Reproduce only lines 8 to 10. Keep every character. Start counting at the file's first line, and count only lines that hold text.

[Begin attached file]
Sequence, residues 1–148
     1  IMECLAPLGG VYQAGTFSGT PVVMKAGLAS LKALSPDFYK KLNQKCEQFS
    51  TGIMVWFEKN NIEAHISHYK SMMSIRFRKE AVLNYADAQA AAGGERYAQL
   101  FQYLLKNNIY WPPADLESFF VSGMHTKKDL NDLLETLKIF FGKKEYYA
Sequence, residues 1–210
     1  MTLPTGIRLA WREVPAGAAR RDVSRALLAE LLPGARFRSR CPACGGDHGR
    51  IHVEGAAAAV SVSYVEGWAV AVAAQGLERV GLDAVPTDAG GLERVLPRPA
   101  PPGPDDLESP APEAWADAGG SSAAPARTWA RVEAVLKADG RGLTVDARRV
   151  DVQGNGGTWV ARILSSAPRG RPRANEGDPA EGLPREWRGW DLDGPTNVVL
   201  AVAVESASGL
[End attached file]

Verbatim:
   101  PPGPDDLESP APEAWADAGG SSAAPARTWA RVEAVLKADG RGLTVDARRV
   151  DVQGNGGTWV ARILSSAPRG RPRANEGDPA EGLPREWRGW DLDGPTNVVL
   201  AVAVESASGL